We can also legalise original death certificates issued by a UK coroner. Translations of these can also be legalised if they have been signed by a UK solicitor or notary. Please note that we are NOT able to legalise photocopies of these documents, even if they have been signed by a UK solicitor or notary or attached to a notarial cover sheet. This is because we have been advised that the General Register Office (GRO) or local Registry Offices are the only designated authorities in the UK who can issue certified copies of these documents.
Contact the GRO or your local Registry Office for more information on obtaining certified copies of these types of certificates which we will be able to legalise.
UK Certificates of No Impediment (CNIs) or 'No Trace' Letters issued by the GRO
Original CNIs and GRO issued letters confirming that there is no trace of an individual currently being married can be legalised. Please note that we are not able to legalise photocopies of these documents, even if they have been signed by a UK solicitor or notary public or attached to a notarial cover sheet. This is because we have been advised that the General Register Office (GRO) or local Registry Offices are the only designated authorities in the UK who can issue certified copies of these documents. Contact the GRO or your local Registry Office for more information on obtaining certified copies of these types of certificates which we will be able to legalise.
If you are getting married abroad, please also see Marriage Abroad.
We cannot legalise original passports of any nationality. Photocopies of the bio data page of British passports may be legalised if they have been certified by a UK solicitor or notary public as being true photocopies of the original documents. We do not legalise certified copies of foreign passports or ID documents.
Change of Name Deed Poll
All change of name deed poll documents (originals as well as copies) must be certified by a UK solicitor or notary public as being original, or true photocopies, before they can be legalised.
We can legalise the following religious documents as long as they have been certified by a UK solicitor or notary public and originated in the UK. The solicitor or notary public should certify original documents as being genuine, and photocopies as being true copies of the original documents:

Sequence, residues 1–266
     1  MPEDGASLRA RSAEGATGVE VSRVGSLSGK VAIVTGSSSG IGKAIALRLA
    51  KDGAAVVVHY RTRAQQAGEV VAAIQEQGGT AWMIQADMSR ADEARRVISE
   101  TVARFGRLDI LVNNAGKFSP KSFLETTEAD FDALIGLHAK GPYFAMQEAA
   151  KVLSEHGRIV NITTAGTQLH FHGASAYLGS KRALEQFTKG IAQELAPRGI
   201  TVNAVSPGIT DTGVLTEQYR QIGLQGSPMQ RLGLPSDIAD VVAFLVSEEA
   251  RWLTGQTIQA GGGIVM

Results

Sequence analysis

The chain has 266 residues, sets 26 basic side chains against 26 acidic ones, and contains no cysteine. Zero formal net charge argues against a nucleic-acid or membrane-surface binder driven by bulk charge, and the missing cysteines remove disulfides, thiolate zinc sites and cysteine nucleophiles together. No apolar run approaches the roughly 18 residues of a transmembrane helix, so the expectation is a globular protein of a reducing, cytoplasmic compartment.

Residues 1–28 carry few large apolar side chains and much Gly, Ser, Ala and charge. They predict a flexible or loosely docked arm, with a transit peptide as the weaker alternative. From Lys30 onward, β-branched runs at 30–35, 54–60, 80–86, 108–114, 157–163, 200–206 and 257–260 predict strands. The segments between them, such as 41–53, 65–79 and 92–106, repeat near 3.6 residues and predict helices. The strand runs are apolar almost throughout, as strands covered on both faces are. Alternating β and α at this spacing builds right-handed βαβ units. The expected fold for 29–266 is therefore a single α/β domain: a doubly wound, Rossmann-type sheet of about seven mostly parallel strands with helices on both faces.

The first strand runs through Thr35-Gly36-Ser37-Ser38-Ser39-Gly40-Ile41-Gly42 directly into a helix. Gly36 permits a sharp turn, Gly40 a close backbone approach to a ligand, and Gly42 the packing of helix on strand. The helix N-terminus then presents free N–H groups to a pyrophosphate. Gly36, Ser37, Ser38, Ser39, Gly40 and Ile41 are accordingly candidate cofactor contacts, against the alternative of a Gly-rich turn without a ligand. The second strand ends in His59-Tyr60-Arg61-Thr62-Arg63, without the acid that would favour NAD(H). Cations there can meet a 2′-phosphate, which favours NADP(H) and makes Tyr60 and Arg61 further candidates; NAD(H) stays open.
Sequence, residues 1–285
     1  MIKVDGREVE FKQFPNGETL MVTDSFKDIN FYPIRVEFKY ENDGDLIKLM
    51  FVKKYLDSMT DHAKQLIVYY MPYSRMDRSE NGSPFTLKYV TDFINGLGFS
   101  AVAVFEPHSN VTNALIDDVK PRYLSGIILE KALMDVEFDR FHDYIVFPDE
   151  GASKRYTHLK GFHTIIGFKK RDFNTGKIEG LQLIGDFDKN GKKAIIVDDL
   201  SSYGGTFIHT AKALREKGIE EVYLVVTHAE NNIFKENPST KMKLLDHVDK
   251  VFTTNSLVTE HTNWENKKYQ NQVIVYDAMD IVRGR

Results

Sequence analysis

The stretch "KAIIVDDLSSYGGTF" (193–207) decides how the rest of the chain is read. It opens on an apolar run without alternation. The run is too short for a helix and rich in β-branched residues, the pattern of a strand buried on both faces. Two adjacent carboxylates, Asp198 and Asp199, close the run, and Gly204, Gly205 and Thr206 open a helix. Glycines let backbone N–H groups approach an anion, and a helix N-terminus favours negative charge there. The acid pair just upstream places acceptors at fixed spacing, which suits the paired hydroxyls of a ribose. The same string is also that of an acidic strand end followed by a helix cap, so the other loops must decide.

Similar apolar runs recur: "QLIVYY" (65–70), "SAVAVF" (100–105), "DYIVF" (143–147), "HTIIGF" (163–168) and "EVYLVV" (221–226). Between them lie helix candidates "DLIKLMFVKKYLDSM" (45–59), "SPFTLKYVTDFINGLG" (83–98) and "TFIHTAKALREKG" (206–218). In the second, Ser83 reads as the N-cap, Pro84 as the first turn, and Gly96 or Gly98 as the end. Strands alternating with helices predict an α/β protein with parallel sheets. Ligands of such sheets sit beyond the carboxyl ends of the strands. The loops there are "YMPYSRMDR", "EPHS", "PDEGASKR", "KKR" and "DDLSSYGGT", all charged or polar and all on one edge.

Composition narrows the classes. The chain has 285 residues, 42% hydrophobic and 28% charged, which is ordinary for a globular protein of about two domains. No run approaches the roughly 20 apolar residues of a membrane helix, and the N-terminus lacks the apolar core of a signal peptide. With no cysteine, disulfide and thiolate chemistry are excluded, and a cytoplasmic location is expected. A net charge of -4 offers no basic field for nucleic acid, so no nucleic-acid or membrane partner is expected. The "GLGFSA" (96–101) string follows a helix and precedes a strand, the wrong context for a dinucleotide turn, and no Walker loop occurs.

* Islamic Marriage and Divorce Certificates issued by UK mosques
* Jewish Divorce Certificates issued by a Jewish Court
* Baptismal Certificates of any denomination.
Documents relating to the Hajj or Umrah which originated in the UK must be certified by an official of the Arab-British Chamber of Commerce, or an Arabic speaking UK solicitor or notary public before they can be legalised.
UK Court documents
Original documents issued by UK courts can be legalised. Photocopies of these documents can also be legalised if they have been certified by a UK solicitor or notary public as being true copies of the original documents.
Powers of Attorney, Wills, Affidavits, Declarations and Notarial Acts
Originals of these documents can be legalised if they have been signed in the UK by the individual(s) concerned and the signature(s) witnessed by a UK solicitor or notary public.
The solicitor or notary public should certify this clearly on the document.
Certificates of Incorporation and Other Documents Issued by Companies House
We can legalise originals of these documents only if they have been signed by an official of Companies House. If the originals do not bear an original signature of a Companies House official then they must be certified by a UK solicitor or notary public as being original documents. Photocopies of Companies House documents can be legalised if they have been certified by a UK solicitor or notary public as being true copies of the original document.